Dairy Products And Health Concerns – Part 2
This is the Part 2 of the Dairy Products And Health Concerns article. If you missed the Part 1, please click here
4. Lactose Intolerance
Lactose intolerance is common among many populations, affecting approximately 95 percent of Asian-Americans, 74 percent of Native Americans, 70 percent of African-Americans, 53 percent of Mexican-Americans, and 15 percent of Caucasians.33 Symptoms, which include gastrointestinal distress, diarrhea, and flatulence, occur because these individuals do not have the enzyme lactase to digest the milk sugar lactose. When digested, the breakdown products of lactose are two simple sugars: glucose and galactose. Nursing children have active enzymes that break down galactose, but as we age, many of us lose much of this capacity.34 Due to the common nature of this condition, and in order to avoid these uncomfortable side effects, milk consumption is not recommended.
Milk contains contaminants that range from hormones to pesticides. Milk naturally contains hormones and growth factors produced within a cow’s body. In addition, synthetic hormones such as recombinant bovine growth hormone are commonly used in cows to increase the production of milk.35 Once introduced into the human body, these hormones may affect normal hormonal function.
When treating cows for conditions such as mastitis, or inflammation, of the mammary glands, antibiotics are used, and traces of these antibiotics have occasionally been found in samples of milk and dairy products. This treatment is used frequently, because mastitis is a very common condition in cows, due to dairy product practices which have cows producing more milk than nature intended.
Pesticides, polychlorinated biphenyls (PCBs), and dioxins are other examples of contaminants found in milk. Dairy products contribute to one-fourth to one-half of the dietary intake of total dioxins.36 All of these toxins do not readily leave the body and can eventually build to harmful levels that may affect the immune, reproductive, and the central nervous systems. Moreover, PCBs and dioxins have also been linked to cancer.37
Other contaminants often introduced during processing of milk products include melamine, often found in plastics, which negatively affects the kidneys and urinary tract due to their high nitrogen content,38 and carcinogenic toxins including aflatoxins. These are additionally dangerous because they are not destroyed in pasteurization.39
6. Milk Proteins and Diabetes
Insulin-dependent (type 1 or childhood-onset) diabetes is linked to consumption of dairy products in infancy.40 A 2001 Finnish study of 3,000 infants with genetically increased risk for developing diabetes showed that early introduction of cow’s milk increased susceptibility to type 1 diabetes.41 In addition, the American Academy of Pediatrics observed up to a 30 percent reduction in the incidence of type 1 diabetes in infants who avoid exposure to cow’s milk protein for at least the first three months of their lives.42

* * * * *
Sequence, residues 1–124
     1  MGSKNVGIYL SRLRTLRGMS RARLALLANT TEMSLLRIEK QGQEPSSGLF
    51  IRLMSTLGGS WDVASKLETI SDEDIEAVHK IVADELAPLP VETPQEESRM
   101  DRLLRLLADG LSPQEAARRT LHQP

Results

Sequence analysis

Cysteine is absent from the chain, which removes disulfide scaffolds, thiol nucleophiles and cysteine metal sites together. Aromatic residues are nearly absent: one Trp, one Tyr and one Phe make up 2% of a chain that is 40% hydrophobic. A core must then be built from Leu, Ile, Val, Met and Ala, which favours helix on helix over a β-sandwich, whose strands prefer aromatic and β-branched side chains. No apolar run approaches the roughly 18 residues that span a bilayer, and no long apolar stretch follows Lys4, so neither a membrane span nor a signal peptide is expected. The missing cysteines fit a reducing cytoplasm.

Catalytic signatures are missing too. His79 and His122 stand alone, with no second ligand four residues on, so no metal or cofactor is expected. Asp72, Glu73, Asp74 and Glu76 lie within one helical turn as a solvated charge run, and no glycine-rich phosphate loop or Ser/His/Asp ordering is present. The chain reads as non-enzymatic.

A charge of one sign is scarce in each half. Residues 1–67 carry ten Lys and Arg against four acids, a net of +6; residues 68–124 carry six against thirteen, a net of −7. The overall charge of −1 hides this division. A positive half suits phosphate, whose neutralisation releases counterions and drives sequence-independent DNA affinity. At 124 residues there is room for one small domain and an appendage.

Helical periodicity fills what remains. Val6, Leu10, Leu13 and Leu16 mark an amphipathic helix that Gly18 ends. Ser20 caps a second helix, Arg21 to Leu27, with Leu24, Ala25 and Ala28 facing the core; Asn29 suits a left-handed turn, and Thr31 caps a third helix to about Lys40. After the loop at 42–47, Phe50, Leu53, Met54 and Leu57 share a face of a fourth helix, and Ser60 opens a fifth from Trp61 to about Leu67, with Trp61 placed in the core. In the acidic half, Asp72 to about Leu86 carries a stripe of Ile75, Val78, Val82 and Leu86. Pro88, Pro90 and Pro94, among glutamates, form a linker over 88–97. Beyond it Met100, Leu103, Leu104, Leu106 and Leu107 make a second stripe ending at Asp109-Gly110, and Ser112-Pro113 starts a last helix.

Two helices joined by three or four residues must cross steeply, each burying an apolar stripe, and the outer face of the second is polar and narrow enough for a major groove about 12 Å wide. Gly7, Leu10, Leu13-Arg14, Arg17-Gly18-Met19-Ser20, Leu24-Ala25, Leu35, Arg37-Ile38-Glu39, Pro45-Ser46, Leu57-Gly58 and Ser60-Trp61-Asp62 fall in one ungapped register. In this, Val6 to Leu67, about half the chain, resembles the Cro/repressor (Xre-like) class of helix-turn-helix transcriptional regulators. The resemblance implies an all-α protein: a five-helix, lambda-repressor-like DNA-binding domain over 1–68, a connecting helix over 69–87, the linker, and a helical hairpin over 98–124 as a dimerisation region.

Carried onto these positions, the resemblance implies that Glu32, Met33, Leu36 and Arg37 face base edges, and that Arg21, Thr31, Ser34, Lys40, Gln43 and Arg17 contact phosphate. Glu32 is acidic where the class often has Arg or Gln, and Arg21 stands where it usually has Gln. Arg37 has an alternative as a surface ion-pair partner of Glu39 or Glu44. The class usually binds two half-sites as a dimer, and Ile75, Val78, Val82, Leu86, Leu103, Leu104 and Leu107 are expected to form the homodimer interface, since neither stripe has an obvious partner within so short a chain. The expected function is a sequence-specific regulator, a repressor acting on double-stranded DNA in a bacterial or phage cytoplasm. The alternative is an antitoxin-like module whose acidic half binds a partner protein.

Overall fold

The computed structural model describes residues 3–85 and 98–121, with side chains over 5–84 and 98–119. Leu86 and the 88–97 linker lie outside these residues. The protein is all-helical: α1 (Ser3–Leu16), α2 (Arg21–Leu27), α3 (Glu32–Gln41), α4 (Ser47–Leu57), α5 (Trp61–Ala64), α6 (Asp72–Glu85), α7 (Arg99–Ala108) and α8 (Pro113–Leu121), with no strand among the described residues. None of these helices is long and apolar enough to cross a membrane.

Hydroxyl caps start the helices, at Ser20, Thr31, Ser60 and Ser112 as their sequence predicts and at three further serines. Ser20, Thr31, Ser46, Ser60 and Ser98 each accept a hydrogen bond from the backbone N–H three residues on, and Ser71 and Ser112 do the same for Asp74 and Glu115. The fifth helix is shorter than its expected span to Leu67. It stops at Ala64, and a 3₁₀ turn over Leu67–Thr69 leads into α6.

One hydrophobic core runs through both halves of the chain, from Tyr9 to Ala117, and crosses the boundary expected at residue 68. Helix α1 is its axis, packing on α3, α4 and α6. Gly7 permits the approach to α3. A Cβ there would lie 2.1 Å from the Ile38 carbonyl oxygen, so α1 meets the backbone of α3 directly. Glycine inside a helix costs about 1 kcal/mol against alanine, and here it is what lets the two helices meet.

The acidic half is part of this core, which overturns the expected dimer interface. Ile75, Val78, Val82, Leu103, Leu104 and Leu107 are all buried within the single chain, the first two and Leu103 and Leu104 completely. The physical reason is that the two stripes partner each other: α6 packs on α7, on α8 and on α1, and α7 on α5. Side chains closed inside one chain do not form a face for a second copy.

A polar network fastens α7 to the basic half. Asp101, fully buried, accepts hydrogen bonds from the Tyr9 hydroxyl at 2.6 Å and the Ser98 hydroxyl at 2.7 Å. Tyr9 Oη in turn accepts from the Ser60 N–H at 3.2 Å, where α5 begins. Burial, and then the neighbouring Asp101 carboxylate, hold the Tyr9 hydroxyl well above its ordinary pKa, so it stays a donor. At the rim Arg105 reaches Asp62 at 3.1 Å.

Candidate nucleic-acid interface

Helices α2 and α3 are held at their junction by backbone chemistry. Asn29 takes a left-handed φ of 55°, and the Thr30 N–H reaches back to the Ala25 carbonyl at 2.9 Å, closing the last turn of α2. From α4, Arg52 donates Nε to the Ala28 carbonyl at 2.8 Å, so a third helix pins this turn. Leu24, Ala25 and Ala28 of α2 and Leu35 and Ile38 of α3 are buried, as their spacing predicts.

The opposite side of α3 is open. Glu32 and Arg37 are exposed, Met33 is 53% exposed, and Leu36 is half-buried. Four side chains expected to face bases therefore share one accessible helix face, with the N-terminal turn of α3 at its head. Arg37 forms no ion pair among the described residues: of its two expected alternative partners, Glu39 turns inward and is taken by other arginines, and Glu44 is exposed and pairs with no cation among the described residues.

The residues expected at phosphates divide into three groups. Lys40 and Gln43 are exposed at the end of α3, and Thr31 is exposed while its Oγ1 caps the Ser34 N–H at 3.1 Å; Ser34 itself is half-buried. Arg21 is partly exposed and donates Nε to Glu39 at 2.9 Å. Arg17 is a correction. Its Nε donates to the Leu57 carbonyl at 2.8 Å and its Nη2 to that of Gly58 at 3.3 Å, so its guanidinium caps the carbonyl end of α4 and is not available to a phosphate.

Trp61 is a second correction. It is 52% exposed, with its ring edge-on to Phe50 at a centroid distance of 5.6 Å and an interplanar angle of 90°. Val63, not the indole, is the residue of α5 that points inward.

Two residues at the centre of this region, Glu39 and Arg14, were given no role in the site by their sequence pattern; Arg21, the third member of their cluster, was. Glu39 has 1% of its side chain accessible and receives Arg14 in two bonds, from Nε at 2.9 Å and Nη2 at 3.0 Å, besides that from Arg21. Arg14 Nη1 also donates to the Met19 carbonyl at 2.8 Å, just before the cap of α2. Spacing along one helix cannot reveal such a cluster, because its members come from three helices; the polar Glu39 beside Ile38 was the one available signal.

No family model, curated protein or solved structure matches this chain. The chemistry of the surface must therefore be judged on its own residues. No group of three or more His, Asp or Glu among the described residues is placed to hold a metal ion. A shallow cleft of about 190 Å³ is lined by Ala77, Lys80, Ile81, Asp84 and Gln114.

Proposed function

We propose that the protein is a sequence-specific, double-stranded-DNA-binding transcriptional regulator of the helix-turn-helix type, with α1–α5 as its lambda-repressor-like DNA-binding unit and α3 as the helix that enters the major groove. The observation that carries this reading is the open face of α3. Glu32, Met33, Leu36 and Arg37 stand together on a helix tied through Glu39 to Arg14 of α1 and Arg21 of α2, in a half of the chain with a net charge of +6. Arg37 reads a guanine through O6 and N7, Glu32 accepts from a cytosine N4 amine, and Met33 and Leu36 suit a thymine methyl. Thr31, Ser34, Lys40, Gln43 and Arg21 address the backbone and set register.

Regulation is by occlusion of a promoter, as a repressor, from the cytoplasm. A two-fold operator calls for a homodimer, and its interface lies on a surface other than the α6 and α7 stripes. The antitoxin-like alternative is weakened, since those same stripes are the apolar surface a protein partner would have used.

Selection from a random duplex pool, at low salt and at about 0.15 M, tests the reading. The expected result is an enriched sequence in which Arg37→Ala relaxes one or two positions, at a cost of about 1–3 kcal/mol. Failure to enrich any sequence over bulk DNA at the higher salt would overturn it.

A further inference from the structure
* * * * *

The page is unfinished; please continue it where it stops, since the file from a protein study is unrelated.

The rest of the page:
7. Health Concerns for Children and Infants
Milk proteins, milk sugar, fat, and saturated fat in dairy products pose health risks for children and encourage the development of obesity, diabetes, and heart disease. While low-fat milk is often recommended for decreasing obesity risk, a study published in the Archives of Disease in Childhood showed that children who drank 1 percent or skim milk, compared with those who drank full-fat milk, were not any less likely to be obese.43 Moreover, a current meta-analysis found no support for the argument that increasing dairy product intake will decrease body fat and weight over the long term (>1 year).44
For infants, the consumption of cow’s milk is not recommended. The American Academy of Pediatrics recommends that infants below 1 year of age not be given whole cow’s milk,45 as iron deficiency is more likely due to the low amount of iron found in cow’s milk as compared with human breast milk.46 Colic is an additional concern with milk consumption. Up to 28 percent of infants suffer from colic during the first month of life.47nPediatricians learned long ago that cow’s milk was often the reason. We now know that breastfeeding mothers can have colicky babies if the mothers consume cow’s milk. The cow’s antibodies can pass through the mother’s bloodstream, into her breast milk, and to the baby.48,49
Additionally, food allergies appear to be common results of cow’s milk consumption, particularly in children.50,51 Cow’s milk consumption has also been linked to chronic constipation in children.52
Milk and dairy products are not necessary in the diet and can, in fact, be harmful to health. It is best to consume a healthful diet of grains, fruits, vegetables, legumes, and fortified foods and fresh juices. These nutrient-dense foods can help you meet your calcium, potassium, riboflavin, and vitamin D requirements with ease—and without facing the health risks associated with dairy product consumption.
We talked about the problem – dairy products; we explained what negative impact these products have on our health; and now what we can do about it?
Here is your hit list of dairy alternatives (mainly raw food sources as this is what we are promoting to achieve the best health):
- Instead of Milk – Try nuts & seeds milk such as almond, cashew, coconut milk or poppy seed milk etc.
- Instead of Yoghurt/Dairy desserts – Try coconut yoghurt with dairy free probiotic culture to ferment the yoghurt
- Instead of Cheese – Try raw cashew or almond cheese
- Instead of Ice-cream – Try raw ice creams made from frozen fruits and nuts milk
- Instead of Milk Chocolate – Try dark raw chocolate or carob chocolate
- Instead of Butter or spreads – Try olive oil, flax oil, macadamia oil, sesame oil, nut butters or spreads, avocado, tahini,
- Instead of Buttermilk, Butterfat – Try ghee, coconut milk/cream
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